Expert offers climate answers

Warren Washington, an atmospheric scientist, said in his talk on Tuesday that we must reduce greenhouse pollutant emissions. (credit: Jonathan Carreon/Photo Editor) Warren Washington, an atmospheric scientist, said in his talk on Tuesday that we must reduce greenhouse pollutant emissions. (credit: Jonathan Carreon/Photo Editor)

Warren Washington, an atmospheric scientist, visited campus on Tuesday to lecture on the use and history of climate models to study and predict climate change. Washington, who is a winner of the National Medal of Science and was the second African-American to receive a doctorate in atmospheric sciences, covered the history of the first climate models he worked with back in the ’60s. He also discussed how the accuracy of computer-simulated models has changed, and how with future innovation “we can improve the simulation of the atmosphere.”

After showing “a glimpse into the future of climate modeling,” he discussed the danger that these models are trying to predict. Washington said that carbon dioxide levels will be two to three times higher by 2100 than they were two centuries ago.

When asked how he responds to climate change skepticism, even in the face of evidence like the earlier openings of the Northwest Passage and overall glacial retreat, Washington responded, “Skepticism is good for us in many ways. It makes [scientists] work harder.”

Washington emphasized, however, the need for “open-minded skepticism,” and recounted a story of a skeptical colleague who changed his mind on climate change after designing his own experiment and achieving the same results as Washington and other scientists.

During the lecture, he stressed the improvement in model design for the global climate, from the modern high-resolution ocean models to a new atmospheric grid structure that allows for more accurate simulations of the El Niño and the La Niña effects.

“His use of empirical data and detailed computer models went beyond common environmental rhetoric,” said James Petka, a first-year engineering and public policy and chemical engineering double major who attended the lecture, in an email. “Transforming all of the world’s natural forces into a single computer program is an absolutely incredible feat.”

Coordinator of Student Development M. Shernell Smith, who was one of the people who worked to bring Washington to campus, said that in addition to being accurate, Washington was accessible. “I liked the fact that he was very plain-spoken,” Smith said. “He could bring it down to a place where people who that may not be their interest ... can see the effect the changes have had on their lives.”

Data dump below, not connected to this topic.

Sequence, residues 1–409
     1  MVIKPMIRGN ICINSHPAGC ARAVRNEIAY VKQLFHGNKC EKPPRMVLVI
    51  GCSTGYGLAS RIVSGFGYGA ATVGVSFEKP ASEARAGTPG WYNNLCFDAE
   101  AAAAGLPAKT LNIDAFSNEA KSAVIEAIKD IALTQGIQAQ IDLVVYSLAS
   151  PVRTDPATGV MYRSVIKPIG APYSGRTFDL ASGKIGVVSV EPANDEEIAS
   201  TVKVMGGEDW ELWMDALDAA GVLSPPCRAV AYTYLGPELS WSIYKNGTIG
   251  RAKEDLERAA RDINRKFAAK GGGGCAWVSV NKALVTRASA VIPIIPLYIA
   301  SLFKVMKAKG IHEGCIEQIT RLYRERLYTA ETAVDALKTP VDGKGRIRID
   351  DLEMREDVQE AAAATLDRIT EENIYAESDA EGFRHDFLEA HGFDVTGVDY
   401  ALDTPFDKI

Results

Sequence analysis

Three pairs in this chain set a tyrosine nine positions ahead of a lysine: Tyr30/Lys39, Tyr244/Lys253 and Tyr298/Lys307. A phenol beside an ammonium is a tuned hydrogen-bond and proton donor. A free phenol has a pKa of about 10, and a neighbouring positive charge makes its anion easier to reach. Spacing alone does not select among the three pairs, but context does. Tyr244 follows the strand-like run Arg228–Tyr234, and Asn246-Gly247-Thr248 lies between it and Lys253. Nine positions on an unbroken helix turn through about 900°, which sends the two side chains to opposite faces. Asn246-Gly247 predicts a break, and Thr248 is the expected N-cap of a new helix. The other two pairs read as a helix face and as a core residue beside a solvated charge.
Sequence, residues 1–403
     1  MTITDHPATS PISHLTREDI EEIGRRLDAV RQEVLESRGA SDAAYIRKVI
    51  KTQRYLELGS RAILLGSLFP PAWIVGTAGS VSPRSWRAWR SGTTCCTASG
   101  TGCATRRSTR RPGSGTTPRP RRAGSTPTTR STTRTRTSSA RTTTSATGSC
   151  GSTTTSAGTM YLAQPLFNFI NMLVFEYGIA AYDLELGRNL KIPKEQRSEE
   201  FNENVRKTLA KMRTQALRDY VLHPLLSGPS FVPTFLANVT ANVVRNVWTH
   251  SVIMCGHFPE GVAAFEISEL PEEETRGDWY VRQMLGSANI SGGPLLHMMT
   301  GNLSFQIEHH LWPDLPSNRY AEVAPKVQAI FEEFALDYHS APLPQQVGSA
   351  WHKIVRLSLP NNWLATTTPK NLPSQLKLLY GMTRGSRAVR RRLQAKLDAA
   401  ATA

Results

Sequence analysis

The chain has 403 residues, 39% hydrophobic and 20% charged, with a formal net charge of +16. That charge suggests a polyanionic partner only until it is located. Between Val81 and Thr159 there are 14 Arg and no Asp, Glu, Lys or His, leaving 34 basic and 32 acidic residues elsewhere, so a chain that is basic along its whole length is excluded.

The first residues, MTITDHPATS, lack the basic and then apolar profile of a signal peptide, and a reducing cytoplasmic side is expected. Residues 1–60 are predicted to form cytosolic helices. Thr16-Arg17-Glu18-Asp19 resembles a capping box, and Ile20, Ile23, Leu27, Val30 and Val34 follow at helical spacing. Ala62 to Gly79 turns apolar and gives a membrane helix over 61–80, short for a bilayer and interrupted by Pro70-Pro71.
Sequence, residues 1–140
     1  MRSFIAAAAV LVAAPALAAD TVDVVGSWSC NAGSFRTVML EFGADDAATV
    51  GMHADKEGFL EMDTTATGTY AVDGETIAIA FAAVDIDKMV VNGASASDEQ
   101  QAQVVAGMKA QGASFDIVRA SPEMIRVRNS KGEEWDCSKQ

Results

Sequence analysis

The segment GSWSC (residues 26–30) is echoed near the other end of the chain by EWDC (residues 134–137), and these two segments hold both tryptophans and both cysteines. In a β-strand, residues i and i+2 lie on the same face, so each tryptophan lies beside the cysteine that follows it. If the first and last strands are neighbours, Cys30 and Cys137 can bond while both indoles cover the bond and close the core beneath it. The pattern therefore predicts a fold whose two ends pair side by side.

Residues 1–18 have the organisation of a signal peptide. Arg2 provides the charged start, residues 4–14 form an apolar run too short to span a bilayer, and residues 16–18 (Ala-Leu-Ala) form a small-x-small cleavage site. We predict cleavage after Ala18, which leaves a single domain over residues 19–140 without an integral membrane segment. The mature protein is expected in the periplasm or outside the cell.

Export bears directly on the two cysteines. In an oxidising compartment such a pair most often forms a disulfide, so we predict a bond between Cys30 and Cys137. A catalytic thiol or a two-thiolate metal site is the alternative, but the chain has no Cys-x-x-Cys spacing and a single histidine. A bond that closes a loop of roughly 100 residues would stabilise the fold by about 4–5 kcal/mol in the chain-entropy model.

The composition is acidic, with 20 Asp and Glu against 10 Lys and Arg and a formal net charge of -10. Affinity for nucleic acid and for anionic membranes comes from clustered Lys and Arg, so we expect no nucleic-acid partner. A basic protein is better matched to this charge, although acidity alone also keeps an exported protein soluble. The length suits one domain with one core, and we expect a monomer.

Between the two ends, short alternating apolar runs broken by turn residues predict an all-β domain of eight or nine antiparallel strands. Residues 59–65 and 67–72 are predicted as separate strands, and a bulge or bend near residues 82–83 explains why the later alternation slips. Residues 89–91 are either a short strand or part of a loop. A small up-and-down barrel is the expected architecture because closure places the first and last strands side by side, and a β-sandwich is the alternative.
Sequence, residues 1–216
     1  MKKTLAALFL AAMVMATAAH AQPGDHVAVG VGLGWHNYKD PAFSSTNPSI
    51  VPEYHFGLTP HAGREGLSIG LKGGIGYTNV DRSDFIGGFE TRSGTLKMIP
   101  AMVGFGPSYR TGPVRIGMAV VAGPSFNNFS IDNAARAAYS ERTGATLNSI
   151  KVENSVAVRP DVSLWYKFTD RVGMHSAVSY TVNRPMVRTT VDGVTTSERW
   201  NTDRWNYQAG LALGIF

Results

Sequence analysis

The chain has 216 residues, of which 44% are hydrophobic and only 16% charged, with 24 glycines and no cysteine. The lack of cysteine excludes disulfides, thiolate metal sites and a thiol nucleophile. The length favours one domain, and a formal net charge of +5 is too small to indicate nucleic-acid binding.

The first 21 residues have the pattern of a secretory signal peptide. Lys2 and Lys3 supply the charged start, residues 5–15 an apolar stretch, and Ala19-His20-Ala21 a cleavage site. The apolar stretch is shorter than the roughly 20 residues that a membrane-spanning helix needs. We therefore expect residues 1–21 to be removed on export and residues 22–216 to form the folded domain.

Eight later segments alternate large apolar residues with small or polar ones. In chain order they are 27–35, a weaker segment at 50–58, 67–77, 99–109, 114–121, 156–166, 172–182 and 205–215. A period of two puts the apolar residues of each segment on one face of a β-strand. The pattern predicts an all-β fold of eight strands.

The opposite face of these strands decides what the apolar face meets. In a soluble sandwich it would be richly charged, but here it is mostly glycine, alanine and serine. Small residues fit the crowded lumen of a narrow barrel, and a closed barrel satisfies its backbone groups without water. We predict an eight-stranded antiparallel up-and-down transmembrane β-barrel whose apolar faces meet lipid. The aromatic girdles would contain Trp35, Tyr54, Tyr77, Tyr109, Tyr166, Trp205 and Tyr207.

Washington addressed two strategies that can be implemented to confront climate change: mitigation, or the reduction or elimination of what is causing the problem; and adaptation, in which society adjusts to what changes will come.

He said that this problem is far different than that of typical water or air pollution, which fade from the environment within a few years after pollutants are restricted, because greenhouse gases take so long to break down in the atmosphere.

“Stopping on this problem late means we have a large amount of warming in the system that will keep on warming for some time,” Washington said.

Because of this, Washington argued for as much mitigation as possible. Geoengineering methods such as space mirrors or high altitude sulfur injections would limit heat levels in the atmosphere; but according to Washington, they would not solve other problems from greenhouse pollutants, and in many ways are Band-Aids on a broken leg. The strategy Washington recommended to the audience is to reduce the emission of the pollutants themselves.

Without any action done to mitigate the effects of climate change, Washington’s models and his colleagues’ models predict more heat records, fewer cold records, and stronger rain and snowfall. The models predict that these weather conditions, coupled with severe drought, will result in the northward spread of tropical diseases like malaria and yellow fever, as the increasing temperatures favor their disease vectors.